Leading up to WWII, a group of German teenagers known as the Edelweiss Pirates rebelled against the authoritarian Nazi regime by intermingling with the opposite sex, growing their hair long, and singing banned songs. As the war ensued, they became active in sabotaging the Nazi war effort.
There is a memorial for the Cologne victims on Schönstein Str, next to the Bahnhof The Edelweiss Pirates (Edelweißpiraten), a loosely-organized group of youth in Nazi Germany. They emerged in western Germany out of the German Youth Movement of the late 1930s in response to the strict regimentation of the Hitler Youth.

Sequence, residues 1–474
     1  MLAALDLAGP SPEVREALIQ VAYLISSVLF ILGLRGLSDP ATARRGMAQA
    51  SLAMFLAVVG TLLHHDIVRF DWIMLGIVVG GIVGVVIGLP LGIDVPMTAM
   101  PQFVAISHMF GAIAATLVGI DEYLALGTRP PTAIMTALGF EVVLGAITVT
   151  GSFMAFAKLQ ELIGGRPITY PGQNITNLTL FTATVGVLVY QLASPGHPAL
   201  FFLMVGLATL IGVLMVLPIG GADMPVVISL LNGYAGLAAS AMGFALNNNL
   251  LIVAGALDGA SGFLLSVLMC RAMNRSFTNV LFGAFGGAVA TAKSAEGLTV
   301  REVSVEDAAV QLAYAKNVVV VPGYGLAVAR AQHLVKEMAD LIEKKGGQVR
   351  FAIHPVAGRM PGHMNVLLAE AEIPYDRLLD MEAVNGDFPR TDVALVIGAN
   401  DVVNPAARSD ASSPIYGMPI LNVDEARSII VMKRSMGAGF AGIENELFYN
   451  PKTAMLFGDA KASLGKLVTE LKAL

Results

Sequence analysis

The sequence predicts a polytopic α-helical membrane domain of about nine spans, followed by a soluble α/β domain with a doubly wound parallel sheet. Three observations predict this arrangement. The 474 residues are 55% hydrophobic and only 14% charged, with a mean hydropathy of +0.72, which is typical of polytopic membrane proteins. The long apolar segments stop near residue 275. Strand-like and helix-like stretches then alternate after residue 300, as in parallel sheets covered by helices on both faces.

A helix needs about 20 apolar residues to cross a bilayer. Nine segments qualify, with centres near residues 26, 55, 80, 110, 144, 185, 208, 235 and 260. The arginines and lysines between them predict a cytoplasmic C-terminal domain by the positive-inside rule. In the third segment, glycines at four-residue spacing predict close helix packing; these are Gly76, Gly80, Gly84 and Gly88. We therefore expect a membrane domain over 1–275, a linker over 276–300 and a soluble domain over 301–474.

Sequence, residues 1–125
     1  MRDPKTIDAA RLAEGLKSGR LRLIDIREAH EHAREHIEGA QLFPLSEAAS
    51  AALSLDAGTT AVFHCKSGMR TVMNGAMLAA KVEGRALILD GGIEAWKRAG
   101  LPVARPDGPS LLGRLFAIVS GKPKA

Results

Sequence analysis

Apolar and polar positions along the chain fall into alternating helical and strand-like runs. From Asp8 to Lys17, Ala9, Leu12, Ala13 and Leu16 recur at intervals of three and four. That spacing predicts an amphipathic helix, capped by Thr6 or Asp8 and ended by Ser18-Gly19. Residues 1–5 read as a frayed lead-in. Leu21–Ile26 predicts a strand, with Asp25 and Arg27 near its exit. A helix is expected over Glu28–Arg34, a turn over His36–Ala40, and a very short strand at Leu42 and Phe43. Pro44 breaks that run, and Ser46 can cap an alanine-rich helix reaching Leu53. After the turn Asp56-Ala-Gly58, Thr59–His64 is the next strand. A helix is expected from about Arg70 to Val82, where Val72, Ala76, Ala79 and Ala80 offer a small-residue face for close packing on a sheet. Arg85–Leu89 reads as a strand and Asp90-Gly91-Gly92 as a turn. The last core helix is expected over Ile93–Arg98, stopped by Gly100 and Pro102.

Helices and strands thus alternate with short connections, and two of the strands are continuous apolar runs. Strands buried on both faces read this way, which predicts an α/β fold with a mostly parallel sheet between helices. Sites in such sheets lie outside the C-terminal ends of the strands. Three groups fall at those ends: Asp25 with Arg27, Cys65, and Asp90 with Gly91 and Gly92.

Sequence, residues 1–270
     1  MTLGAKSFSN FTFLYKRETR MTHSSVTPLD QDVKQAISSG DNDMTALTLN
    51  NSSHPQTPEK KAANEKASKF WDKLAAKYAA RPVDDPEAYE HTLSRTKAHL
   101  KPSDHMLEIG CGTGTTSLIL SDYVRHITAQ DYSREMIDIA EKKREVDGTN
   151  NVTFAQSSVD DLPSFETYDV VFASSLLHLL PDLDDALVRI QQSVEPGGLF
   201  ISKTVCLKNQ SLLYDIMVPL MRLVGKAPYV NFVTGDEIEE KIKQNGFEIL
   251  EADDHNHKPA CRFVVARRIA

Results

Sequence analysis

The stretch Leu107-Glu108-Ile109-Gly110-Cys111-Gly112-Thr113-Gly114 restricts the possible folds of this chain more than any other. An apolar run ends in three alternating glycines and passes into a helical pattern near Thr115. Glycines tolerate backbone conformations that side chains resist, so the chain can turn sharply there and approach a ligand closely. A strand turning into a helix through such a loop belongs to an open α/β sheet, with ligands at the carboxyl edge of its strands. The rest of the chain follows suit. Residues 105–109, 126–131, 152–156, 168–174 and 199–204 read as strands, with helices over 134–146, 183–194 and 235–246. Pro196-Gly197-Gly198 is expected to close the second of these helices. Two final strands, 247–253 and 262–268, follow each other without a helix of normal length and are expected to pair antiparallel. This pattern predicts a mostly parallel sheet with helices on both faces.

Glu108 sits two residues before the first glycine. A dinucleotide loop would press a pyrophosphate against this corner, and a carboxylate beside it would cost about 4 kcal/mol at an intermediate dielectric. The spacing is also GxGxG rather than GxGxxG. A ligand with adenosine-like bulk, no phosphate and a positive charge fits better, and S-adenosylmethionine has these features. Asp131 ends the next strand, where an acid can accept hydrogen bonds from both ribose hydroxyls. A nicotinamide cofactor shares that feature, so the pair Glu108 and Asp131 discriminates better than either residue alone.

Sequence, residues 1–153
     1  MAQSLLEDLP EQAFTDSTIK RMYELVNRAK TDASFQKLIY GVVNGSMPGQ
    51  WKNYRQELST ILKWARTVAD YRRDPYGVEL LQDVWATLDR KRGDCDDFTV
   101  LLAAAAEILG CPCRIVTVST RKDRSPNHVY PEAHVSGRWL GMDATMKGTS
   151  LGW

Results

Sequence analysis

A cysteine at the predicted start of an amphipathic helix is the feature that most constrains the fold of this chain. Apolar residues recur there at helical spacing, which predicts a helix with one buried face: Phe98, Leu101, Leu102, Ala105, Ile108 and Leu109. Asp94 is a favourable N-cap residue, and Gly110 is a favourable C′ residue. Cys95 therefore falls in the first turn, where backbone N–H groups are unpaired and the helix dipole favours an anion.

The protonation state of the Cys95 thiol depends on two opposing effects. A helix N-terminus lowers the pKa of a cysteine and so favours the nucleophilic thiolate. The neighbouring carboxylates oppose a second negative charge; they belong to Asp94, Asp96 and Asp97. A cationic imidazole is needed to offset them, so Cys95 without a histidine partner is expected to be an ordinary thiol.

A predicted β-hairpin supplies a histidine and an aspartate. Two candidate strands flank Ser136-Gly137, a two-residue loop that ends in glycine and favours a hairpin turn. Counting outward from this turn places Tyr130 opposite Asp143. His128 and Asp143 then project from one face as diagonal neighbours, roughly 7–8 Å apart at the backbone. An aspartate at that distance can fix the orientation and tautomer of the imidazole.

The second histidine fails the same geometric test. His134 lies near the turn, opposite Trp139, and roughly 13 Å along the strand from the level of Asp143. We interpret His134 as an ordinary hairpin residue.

|Des Hitlers Zwang, der macht uns klein,
||Hitler's dictates make us small,
|noch liegen wir in Ketten.
||we're yet bound in chains.
|Doch einmal werden wir wieder frei,
||But one day we'll again walk tall,
|wir werden die Ketten schon brechen.
||no chain can us restrain.
|Denn unsere Fäuste, die sind hart,
||For hard are our fists,
|ja--und die Messer sitzen los,
||Yes! And knives at our wrists,
|für die Freiheit der Jugend,
||for youth to be free,
||Navajos lay siege.
The Nazi response to the Edelweißpiraten was typically harsh. Individuals identified by the Gestapo as belonging to the various gangs were often rounded up and released with their heads shaved to shame them. In some cases, young people were sent to concentration camps for youth or temporarily detained in prison. On October 25, 1944, Heinrich Himmler ordered a crackdown on the group and in November of that year, a group of thirteen people, the heads of the Ehrenfelder Gruppe, were publicly hanged in Cologne